The decline in ethanol stocks occurred even though the average daily production rate increased to 961,000 barrels per day (bpd) from the prior week’s average daily rate of 958,000 bpd. This rate is also above the year-ago average of 931,000 bpd. Such developments seem positive, and hopefully better margins will follow. The differential between the spot market price for corn and the co-products of ethanol and DDGS seem to imply that margins still have not strengthened during the week ending September 18, 2015:
- Illinois differential is $1.68 per bushel in comparison to $1.66 the prior week and $2.40 a year ago.
- Iowa differential is $1.45 per bushel in comparison to $1.61 the prior week and $2.19 a year ago.
- Nebraska differential is $1.45 per bushel in comparison to $1.54 the prior week and $2.09 a year ago.
- South Dakota differential is $1.72 per bushel in comparison to $1.85 the prior week and $2.48 a year ago.
7. Country News
South Africa: Drought has driven the price of yellow corn to its highest level in 19 years, to $218 (2,957 rand) per metric ton. White corn, at $238 (3,229 rand) per metric ton has risen in price six days in a row. The outlook remains dry. (Bloomberg)
France: Ecology Minister Segolene Royal and Agriculture Minister Stephane Le Foll announced that France plans to opt out of the authority from Brussels to grow nine different corn GMO events. (Wall Street Journal)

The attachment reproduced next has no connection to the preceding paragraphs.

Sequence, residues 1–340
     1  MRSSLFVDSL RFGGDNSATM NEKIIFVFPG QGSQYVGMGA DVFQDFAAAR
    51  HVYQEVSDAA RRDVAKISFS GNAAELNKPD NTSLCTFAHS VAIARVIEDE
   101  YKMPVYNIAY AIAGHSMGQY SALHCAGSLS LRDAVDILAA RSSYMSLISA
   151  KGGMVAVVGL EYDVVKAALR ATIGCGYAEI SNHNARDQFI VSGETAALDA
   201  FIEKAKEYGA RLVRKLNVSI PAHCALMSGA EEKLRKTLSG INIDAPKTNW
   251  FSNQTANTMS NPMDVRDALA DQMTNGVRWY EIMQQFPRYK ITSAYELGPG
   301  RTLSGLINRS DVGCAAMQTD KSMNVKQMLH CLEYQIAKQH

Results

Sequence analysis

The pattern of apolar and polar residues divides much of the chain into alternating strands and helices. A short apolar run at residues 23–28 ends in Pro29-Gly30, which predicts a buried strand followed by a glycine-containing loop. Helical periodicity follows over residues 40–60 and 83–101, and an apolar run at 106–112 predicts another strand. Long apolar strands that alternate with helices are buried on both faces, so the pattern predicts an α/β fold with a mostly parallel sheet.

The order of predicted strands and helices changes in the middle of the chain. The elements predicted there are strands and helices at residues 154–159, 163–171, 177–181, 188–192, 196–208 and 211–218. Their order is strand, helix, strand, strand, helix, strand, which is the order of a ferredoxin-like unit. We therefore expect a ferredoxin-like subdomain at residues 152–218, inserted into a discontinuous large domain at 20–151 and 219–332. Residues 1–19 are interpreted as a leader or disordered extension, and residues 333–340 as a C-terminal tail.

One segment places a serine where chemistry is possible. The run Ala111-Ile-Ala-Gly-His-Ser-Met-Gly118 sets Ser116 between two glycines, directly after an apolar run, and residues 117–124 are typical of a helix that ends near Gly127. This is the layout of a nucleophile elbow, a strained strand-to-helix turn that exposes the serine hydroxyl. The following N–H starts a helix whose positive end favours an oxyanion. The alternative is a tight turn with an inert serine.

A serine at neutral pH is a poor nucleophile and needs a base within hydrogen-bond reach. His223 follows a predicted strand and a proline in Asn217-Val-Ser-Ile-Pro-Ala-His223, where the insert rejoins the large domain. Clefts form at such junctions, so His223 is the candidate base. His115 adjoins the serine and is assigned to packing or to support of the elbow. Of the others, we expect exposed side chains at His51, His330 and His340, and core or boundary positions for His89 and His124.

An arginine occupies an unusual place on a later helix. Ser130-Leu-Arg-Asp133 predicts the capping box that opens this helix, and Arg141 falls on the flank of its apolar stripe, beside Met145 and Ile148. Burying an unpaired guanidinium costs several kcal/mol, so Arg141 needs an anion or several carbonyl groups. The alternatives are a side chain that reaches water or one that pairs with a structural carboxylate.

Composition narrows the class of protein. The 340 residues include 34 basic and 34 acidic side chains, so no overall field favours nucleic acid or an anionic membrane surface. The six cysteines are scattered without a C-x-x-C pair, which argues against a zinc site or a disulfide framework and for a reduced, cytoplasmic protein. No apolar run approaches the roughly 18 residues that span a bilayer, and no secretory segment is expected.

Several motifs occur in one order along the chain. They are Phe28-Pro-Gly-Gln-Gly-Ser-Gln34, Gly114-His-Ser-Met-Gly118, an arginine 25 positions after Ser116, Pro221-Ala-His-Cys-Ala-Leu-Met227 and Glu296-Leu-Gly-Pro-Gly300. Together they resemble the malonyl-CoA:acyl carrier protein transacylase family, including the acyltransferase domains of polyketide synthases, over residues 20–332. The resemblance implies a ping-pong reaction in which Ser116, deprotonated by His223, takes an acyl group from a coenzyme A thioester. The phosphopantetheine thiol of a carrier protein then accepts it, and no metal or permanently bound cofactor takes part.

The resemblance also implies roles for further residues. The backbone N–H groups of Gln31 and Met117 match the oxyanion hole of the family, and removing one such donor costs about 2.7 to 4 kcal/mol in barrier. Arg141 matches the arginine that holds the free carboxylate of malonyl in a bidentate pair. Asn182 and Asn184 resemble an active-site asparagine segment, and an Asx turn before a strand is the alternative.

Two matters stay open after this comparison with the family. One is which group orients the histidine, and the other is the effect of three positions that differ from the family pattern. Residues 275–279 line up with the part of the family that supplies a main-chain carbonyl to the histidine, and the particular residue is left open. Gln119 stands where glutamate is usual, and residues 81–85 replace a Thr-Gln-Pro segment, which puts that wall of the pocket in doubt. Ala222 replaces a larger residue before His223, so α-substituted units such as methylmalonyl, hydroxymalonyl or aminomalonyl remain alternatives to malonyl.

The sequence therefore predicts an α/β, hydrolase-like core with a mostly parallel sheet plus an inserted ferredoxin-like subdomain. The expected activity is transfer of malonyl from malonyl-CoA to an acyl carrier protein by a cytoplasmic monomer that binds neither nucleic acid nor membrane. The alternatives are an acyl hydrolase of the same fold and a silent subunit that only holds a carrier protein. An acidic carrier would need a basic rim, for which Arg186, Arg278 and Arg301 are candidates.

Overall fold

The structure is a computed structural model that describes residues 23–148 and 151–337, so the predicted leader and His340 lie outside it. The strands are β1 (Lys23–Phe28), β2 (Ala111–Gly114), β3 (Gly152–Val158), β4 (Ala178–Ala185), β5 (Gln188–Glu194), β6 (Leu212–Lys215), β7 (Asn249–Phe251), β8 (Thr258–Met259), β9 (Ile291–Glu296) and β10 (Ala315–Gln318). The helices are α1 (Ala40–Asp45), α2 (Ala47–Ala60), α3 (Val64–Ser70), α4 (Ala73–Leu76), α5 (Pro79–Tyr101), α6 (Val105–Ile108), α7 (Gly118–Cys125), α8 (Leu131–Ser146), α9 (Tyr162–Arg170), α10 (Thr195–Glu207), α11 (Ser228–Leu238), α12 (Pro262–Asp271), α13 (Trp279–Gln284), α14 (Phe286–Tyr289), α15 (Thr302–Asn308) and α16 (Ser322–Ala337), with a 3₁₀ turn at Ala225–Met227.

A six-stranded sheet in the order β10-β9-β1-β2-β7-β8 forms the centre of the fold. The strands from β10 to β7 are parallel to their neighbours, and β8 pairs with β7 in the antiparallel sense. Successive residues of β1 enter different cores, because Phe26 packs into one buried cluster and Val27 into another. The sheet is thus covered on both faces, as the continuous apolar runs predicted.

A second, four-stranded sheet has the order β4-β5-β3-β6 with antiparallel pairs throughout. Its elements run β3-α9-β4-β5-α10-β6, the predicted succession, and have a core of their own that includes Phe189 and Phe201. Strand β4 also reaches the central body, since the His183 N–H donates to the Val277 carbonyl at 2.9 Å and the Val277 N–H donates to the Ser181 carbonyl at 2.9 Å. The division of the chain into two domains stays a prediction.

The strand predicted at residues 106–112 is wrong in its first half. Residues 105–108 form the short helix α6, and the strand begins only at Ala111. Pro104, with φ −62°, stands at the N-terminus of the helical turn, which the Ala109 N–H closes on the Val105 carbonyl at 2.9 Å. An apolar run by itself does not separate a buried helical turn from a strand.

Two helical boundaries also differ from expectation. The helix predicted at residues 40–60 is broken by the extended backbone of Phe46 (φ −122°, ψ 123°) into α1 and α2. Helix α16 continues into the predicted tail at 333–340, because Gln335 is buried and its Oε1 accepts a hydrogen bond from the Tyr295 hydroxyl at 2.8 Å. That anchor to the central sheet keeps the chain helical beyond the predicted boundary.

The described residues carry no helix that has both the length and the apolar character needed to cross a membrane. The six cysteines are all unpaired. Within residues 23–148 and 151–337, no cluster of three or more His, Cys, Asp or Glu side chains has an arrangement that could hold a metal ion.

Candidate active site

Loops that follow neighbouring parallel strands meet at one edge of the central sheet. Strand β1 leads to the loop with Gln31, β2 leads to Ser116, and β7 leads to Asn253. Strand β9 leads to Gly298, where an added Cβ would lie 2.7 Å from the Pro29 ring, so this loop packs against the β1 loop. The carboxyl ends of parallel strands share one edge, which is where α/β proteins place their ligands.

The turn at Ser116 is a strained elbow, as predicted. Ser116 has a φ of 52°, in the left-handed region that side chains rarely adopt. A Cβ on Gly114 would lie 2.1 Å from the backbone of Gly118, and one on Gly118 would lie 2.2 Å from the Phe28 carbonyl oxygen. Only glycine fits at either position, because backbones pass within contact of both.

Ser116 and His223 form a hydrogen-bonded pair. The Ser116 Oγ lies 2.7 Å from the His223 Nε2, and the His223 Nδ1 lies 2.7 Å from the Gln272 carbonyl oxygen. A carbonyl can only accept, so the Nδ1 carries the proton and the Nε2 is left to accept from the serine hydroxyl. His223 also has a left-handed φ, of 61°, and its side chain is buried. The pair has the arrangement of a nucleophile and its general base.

Vietnam: Prime Minister Nguyen Tan Dung announced a two-step plan to boost the use of E5 and E10 ethanol blended petrol. First will be an education program to inform consumers of ethanol’s benefits, and second will be a Ministry of Finance study on creating a preferential tax program to reduce the cost of E5 and E10. (Biofuels Digest)
India: The production of summer-sown corn will fall more than 15 percent this year as a result of back-to-back drought years. Larger production in India’s northern states is not enough to offset the losses in southern states. (Reuters)
9. Ocean Freight Comments
Transportation and Export Report: Jay O’Neil, O’Neil Commodity Consulting: It was a bit of a mixed picture in global freight markets this week with the Baltic Freight Indices sliding back in the Atlantic and Mediterranean markets but firming in the Pacific. The Baltic Dry-Bulk Index in the Atlantic did post an uptick on Thursday night, and we will have to see if that can hold into next week. Once again the physical freight markets chose not to follow the rally in the Baltic indices and remain suspicious and defensive. U.S. harvest weather is excellent and we will see a good increase in soybean and corn harvest activity over the next two weeks. The big question is: will better corn and soybean supply and cheap prices encourage a significant uptick in export demand?
The charts below represent January-December 2014 annual totals versus year-to-date 2015 container shipments to Malaysia.